Dog fighting is epidemic in parts of Madison County
Debra Boswell, director of the Mississippi Animal Rescue League, has a thick folder of reports and numerous packages of photographs featuring bloody, scarred dogs — some with missing ears, others with deep gashes in their necks. Some are pictures of lifeless animals that are evidence of an underground crime, a secret blood sport.
Boswell said dog fighting has reached “epidemic proportions” in the area. She has been asked to help with more than 50 dog fighting cases this year, and MARL takes in around 150 American pit bull terriers annually.
Pit bulls are the most common dog breed used in dog fighting. Almost all of the animals that come to MARL that have been bred for the “sport” have to be destroyed because their behavior is unpredictable and the liability is too high to place them with someone.
Boswell was called to assist in the area’s most recent dog fighting case two weeks ago. With the help of Madison County Sheriff’s Office deputies, Canton police arrested 10 people from Louisville, Miss., on dog fighting charges following a traffic stop.
Canton Police Chief Luke Gordon said Ben Webster, 18, of Sinai Road, and Louis Russey, 18, of Garrious Road, were charged with dog fighting, trespassing, possession of a stolen firearm and violating the open container law.
Kareem Mosely, 28, and Ruby Collins, 35, of Garrious Road; and Willie Huffman, 35, of Kosiusko; were charged as dog fighting spectators. Five juveniles were also charged.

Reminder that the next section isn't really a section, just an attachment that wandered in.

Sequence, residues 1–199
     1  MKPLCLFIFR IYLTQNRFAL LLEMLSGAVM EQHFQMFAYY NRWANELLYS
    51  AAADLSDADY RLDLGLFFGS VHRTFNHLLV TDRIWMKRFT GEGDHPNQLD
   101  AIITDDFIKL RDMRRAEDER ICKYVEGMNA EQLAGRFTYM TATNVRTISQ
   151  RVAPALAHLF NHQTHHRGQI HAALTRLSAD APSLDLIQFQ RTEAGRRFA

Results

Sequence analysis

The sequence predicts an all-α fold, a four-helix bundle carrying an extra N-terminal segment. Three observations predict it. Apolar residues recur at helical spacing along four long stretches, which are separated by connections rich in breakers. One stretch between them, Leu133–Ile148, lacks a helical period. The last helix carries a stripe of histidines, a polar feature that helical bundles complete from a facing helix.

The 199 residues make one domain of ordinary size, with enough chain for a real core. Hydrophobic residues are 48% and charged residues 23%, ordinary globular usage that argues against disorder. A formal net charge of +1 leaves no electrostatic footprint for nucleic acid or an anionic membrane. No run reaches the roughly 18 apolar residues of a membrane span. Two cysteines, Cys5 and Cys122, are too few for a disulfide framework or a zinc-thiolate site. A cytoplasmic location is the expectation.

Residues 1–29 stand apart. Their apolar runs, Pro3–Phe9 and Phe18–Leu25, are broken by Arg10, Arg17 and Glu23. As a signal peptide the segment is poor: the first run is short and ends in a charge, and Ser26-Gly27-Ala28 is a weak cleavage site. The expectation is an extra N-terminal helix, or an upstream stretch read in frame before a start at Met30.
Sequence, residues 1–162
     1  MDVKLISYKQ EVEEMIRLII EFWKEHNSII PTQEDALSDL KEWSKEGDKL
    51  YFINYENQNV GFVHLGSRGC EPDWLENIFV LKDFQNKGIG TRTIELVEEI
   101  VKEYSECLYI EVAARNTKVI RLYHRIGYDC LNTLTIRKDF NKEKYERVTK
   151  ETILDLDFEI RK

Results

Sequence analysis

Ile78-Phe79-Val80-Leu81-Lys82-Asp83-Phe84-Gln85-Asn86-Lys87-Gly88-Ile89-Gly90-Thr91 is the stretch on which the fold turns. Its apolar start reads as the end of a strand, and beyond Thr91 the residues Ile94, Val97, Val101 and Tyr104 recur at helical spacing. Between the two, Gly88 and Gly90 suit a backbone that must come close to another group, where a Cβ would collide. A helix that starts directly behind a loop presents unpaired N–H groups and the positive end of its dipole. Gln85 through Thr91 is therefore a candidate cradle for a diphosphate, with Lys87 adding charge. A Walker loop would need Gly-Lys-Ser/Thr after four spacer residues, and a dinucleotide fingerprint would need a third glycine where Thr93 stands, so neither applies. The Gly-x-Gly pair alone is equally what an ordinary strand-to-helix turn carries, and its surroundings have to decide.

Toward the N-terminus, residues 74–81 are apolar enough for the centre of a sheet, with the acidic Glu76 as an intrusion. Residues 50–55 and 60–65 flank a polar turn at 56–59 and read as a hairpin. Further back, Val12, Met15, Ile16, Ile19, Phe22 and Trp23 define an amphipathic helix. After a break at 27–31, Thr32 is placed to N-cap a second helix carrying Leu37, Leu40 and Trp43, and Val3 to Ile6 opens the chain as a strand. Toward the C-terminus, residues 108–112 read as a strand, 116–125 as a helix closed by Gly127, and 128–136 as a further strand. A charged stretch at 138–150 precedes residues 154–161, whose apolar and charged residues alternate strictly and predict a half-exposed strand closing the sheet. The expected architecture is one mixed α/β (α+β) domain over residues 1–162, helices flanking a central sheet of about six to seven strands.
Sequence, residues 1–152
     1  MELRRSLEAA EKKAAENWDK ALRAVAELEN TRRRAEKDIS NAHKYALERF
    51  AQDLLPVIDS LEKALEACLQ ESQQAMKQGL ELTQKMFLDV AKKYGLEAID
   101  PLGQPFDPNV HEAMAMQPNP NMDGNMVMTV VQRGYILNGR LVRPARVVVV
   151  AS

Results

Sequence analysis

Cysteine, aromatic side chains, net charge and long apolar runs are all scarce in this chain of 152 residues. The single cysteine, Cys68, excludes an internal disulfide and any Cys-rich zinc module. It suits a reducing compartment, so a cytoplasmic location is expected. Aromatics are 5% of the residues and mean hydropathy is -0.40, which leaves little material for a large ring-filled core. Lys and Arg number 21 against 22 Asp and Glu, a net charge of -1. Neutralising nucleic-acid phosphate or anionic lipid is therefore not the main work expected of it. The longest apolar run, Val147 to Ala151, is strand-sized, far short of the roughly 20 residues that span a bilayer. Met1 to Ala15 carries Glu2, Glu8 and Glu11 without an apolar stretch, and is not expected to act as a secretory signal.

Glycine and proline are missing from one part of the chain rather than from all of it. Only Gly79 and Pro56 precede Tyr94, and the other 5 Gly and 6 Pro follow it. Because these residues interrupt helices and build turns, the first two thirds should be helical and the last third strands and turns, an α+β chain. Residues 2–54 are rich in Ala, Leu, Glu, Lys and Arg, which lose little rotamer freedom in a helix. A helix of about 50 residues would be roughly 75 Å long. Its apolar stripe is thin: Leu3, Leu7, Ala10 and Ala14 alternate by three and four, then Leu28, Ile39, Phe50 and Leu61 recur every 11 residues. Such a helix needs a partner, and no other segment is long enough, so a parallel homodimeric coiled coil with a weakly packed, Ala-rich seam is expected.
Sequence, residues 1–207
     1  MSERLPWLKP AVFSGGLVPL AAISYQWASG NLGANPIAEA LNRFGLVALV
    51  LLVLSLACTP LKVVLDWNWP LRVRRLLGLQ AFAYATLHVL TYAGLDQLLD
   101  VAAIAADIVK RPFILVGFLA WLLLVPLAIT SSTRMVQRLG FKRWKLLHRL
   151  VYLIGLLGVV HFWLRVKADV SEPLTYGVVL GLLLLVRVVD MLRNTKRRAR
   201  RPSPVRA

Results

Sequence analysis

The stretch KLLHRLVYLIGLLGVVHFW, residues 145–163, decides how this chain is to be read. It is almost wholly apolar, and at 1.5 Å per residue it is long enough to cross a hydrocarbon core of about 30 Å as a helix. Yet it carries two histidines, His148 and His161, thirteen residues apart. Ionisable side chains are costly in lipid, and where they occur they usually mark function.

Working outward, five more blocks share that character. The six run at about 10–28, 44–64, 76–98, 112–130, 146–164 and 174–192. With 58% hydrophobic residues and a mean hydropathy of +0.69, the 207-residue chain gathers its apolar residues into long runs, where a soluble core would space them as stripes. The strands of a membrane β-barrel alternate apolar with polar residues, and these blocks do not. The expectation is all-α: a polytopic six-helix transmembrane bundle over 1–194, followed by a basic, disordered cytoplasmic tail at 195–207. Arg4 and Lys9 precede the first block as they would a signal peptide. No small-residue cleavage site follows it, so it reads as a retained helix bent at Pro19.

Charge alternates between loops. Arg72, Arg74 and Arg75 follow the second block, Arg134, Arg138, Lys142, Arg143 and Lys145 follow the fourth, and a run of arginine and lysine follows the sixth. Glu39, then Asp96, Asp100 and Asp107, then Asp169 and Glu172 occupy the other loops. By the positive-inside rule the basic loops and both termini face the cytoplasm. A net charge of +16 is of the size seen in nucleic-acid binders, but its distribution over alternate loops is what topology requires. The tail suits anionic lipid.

“Basically, all of this started from a traffic stop on Hwy. 43 near the car wash,” Gordon said. “An officer observed an injured pit bull and some people in the van with blood on them.”
Gordon said participating in a dog fight is a felony in Mississippi, but it's also a felony to watch.
“You’d be surprised at how much animal fighting is still going on in the Madison County area,” Gordon said. “We usually, in the spring and summer, get calls about guys fighting dogs in the southwest part of Canton. I’ve even had guys tell me that they are training to fight the dog. Without a second person saying the same thing or a witness, it’s very hard to make a cruelty to animal or conspiracy charge stick.”
Gordon said dog fights are traveling shows that move all over the state.
“If the dog loses, in many cases, they will kill it on the spot,” he said.
Boswell said one female dog was picked up by MARL following the recent Canton arrest.
“A young boy had one dog,” she said. “He claimed he had just brought it down for somebody to look at for breeding purposes.”
Because the dog was a danger to staff and other animals at the shelter, it had to be euthanized.
“We don’t even try to place them,” Boswell said. “The liability factor is out of sight. If you had a child, would you trust it with one of these dogs? These perpetual bloodlines — they have been used over and over for fighting.”
Boswell said dog fighting is “epidemic” in Mississippi, and the peripheral activity that accompanies fights has managed to get the attention of law enforcement.